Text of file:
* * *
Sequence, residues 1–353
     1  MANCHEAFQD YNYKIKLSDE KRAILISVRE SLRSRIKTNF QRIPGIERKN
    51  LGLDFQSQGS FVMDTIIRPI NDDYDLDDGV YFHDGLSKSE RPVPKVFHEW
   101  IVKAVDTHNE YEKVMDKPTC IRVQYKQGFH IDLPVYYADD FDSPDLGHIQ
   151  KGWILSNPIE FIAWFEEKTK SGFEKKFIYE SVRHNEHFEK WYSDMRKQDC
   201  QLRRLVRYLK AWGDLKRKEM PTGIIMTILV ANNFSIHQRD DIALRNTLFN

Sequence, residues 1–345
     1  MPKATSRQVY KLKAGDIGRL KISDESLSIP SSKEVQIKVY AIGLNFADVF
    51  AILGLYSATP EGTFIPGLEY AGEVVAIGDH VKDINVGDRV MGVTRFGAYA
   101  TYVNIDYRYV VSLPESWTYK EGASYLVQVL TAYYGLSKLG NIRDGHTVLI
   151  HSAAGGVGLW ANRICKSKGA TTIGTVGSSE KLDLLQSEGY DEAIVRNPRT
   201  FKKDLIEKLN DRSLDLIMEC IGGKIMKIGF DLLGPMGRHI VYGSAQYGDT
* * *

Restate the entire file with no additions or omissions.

Sequence, residues 1–353
     1  MANCHEAFQD YNYKIKLSDE KRAILISVRE SLRSRIKTNF QRIPGIERKN
    51  LGLDFQSQGS FVMDTIIRPI NDDYDLDDGV YFHDGLSKSE RPVPKVFHEW
   101  IVKAVDTHNE YEKVMDKPTC IRVQYKQGFH IDLPVYYADD FDSPDLGHIQ
   151  KGWILSNPIE FIAWFEEKTK SGFEKKFIYE SVRHNEHFEK WYSDMRKQDC
   201  QLRRLVRYLK AWGDLKRKEM PTGIIMTILV ANNFSIHQRD DIALRNTLFN

Sequence, residues 1–345
     1  MPKATSRQVY KLKAGDIGRL KISDESLSIP SSKEVQIKVY AIGLNFADVF
    51  AILGLYSATP EGTFIPGLEY AGEVVAIGDH VKDINVGDRV MGVTRFGAYA
   101  TYVNIDYRYV VSLPESWTYK EGASYLVQVL TAYYGLSKLG NIRDGHTVLI
   151  HSAAGGVGLW ANRICKSKGA TTIGTVGSSE KLDLLQSEGY DEAIVRNPRT
   201  FKKDLIEKLN DRSLDLIMEC IGGKIMKIGF DLLGPMGRHI VYGSAQYGDT